Comment


          • Originally posted by erobitha View Post
            ...

            3) Koz was clearly on a list of people who may have had opportuniuty when the police were doing their house calls in October 1888, so when out of nowhere they find out a man on their list has had an attack of insanity in July 1890 this was very interesting. So he was on a list from 1888, but not flagged until at least July 1890 - almost 2 years later.......
            In October, after the house-to-house, Anderson wrote his famous lines on the police "never in the annals of crime", and "not having a single clue....".
            In fact, there is nothing in writing that can be considered evidence which indicates Kozminski was a suspect until long after 1888.
            Perhaps, this is the answer to the question posed in the O.P., Hutchinson was not called upon to identify Kozminski because Hutchinson had long disappeared by the time Kozminski became a police suspect.


            I never knew Russel Crowe was a hardcore Leeds United supporter but then, he never knew I was either!
            Way-up! Leeds, back where you belong!
            Last edited by Wickerman; 07-18-2020, 06:52 PM.
            Regards, Jon S.

            Comment


            • Originally posted by Wickerman View Post

              In October, after the house-to-house, Anderson wrote his famous lines on the police "never in the annals of crime", and "not having a single clue....".
              In fact, there is nothing in writing that can be considered evidence which indicates Kozminski was a suspect until long after 1888.
              Perhaps, this is the answer to the question posed in the O.P., Hutchinson was not called upon to identify Kozminski because Hutchinson had long disappeared by the time Kozminski became a police suspect.


              I never knew Russel Crowe was a hardcore Leeds United supporter but then, he never knew I was either!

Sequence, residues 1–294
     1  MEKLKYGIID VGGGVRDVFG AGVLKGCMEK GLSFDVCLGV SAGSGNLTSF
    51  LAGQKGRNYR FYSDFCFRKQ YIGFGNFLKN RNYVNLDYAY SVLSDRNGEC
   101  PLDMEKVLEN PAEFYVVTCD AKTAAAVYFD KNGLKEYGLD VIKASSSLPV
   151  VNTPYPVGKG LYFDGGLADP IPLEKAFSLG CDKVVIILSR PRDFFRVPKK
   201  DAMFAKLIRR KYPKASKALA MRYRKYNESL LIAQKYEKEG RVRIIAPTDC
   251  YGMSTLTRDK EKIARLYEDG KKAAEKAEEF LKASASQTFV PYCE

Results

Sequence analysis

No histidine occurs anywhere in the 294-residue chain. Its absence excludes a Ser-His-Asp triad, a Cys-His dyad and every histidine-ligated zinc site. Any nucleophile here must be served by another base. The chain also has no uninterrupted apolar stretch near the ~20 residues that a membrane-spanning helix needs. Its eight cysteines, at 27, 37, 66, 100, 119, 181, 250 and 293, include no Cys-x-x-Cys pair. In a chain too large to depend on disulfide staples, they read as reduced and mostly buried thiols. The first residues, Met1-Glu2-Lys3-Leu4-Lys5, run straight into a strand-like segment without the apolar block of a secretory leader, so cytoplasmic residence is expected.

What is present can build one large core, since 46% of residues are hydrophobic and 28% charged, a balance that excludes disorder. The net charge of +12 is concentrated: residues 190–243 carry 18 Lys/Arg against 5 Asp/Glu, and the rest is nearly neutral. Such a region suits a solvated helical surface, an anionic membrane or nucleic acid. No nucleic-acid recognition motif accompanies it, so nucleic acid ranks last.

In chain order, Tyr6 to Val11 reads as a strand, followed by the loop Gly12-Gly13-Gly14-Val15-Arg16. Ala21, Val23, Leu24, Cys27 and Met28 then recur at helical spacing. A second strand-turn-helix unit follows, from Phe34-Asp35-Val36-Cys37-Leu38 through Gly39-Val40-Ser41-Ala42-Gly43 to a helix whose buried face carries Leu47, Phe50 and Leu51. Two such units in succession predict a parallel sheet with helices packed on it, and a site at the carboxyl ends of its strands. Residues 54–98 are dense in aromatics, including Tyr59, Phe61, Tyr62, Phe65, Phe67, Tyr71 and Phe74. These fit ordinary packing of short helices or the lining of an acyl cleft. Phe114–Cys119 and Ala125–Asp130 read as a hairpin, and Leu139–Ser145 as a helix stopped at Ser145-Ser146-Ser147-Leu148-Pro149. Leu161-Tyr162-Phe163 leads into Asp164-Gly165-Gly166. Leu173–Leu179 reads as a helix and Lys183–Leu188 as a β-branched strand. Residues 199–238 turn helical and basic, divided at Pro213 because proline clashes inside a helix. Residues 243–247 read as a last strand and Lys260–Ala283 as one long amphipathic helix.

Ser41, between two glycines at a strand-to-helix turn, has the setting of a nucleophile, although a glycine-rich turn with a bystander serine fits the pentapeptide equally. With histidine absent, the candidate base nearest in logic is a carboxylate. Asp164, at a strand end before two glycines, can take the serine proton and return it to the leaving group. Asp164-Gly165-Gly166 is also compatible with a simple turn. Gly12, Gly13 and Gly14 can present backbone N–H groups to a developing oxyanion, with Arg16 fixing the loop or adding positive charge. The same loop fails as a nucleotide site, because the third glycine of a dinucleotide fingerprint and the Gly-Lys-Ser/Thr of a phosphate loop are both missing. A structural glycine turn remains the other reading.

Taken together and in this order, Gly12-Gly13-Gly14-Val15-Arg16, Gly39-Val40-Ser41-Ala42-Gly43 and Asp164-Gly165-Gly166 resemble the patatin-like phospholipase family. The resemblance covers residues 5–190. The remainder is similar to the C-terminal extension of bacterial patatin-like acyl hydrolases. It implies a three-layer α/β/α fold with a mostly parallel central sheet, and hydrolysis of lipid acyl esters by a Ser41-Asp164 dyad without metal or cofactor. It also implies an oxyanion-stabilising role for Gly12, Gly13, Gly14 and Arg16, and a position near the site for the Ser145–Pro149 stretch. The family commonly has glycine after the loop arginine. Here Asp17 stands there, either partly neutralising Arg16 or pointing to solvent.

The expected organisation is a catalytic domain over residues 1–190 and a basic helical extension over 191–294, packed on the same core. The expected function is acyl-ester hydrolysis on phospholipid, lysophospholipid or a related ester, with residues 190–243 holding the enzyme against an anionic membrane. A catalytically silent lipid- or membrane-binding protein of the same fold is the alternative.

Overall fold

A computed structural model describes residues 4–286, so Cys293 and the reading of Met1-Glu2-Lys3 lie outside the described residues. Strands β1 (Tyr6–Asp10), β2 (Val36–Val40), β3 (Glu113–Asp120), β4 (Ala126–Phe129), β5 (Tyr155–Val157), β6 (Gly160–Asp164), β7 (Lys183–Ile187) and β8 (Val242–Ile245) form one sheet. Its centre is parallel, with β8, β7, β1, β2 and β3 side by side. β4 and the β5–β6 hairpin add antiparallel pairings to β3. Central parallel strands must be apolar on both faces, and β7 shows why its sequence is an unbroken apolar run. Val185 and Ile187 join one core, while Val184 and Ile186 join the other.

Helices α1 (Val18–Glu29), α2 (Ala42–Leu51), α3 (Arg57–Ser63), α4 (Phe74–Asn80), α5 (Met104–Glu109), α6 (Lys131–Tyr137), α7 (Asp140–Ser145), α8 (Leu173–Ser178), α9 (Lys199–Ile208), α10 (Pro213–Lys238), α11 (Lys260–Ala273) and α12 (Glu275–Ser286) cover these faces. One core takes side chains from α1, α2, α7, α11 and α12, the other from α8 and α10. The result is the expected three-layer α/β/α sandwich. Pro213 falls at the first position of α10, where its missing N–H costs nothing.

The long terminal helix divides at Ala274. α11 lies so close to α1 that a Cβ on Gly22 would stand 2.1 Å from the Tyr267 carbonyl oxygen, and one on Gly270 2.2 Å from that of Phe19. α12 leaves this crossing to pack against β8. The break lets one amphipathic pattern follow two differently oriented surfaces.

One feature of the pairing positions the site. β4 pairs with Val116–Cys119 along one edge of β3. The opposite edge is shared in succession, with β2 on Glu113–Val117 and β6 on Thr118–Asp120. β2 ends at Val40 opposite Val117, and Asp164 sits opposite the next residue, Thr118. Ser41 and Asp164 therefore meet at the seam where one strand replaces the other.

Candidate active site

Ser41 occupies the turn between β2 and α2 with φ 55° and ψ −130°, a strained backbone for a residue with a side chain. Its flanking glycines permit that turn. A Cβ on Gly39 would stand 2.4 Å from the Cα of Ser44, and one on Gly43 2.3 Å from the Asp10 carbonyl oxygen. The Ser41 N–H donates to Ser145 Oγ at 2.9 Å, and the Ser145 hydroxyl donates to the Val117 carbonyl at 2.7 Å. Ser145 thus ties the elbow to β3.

Way-up! Leeds, back where you belong!

              I can't see why they would have used Hutchinson when it was far from certain he had seen Kelly with the Ripper. I have been a long time lurker here and have often felt your view that maybe Kelly was seen at 3:30am to be compelling. For me it was obvious for the Police to use Lawende- his sighting of Eddowes was so close to the murder time that there was no time for Eddowes to be accosted by someone else. It also seems to tie in with MacNaghten's London PC which quite obviously was meant to be London PC Witness. That would be a big problem if everything else MacNaghten had written was 100% accurate but it was far from it. So to make a mistake about the PC Witness would not be a suprise.

              Comment


              • Originally posted by Wickerman View Post
                Hutchinson was not called upon to identify Kozminski because Hutchinson had long disappeared by the time Kozminski became a police suspect.
                And by the time Hutchinson became a potential police witness, Kosminski was at liberty, but unknown.

                Comment


                • Originally posted by Wickerman View Post


                  I never knew Russel Crowe was a hardcore Leeds United supporter but then, he never knew I was either!
                  Way-up! Leeds, back where you belong!
                  Leeds going up, make sure you give The Villa a wave on our way down...
                  Thems the Vagaries.....

                  Comment


                  • In my opinion Hutchinson was a liar. Not everyone will agree and that's okay, but I don't think he was entirely truthful (if at all)

                    Comment


                    • You may all have forgotten that there were two witnesses that said they saw Kelly alive at the morning that day, which makes Hutschinson's sighting against anyone useless in the court.

                      That is the answer to the first question.

                      But I don't totally dismiss the idea that Hutschinson may have led the police to Kosminski at the first place, he described a man with a jewish appearance, said he saw him another time, walk with the police searching for him.

                      Cox said, they got upon a trial only after Kellys body was discovered, maybe because of Hutschinson testimony.


                      The Baron

                      Comment